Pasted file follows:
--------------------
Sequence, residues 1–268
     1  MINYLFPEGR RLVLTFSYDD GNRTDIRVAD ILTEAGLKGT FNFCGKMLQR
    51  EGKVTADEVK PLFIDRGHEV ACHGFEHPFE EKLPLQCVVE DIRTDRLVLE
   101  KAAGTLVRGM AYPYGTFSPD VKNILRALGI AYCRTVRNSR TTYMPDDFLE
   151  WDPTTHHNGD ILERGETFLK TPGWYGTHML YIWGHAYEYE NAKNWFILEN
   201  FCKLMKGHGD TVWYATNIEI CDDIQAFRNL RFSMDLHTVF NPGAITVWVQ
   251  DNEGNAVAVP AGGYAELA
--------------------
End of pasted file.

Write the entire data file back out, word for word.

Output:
Sequence, residues 1–268
     1  MINYLFPEGR RLVLTFSYDD GNRTDIRVAD ILTEAGLKGT FNFCGKMLQR
    51  EGKVTADEVK PLFIDRGHEV ACHGFEHPFE EKLPLQCVVE DIRTDRLVLE
   101  KAAGTLVRGM AYPYGTFSPD VKNILRALGI AYCRTVRNSR TTYMPDDFLE
   151  WDPTTHHNGD ILERGETFLK TPGWYGTHML YIWGHAYEYE NAKNWFILEN
   201  FCKLMKGHGD TVWYATNIEI CDDIQAFRNL RFSMDLHTVF NPGAITVWVQ
   251  DNEGNAVAVP AGGYAELA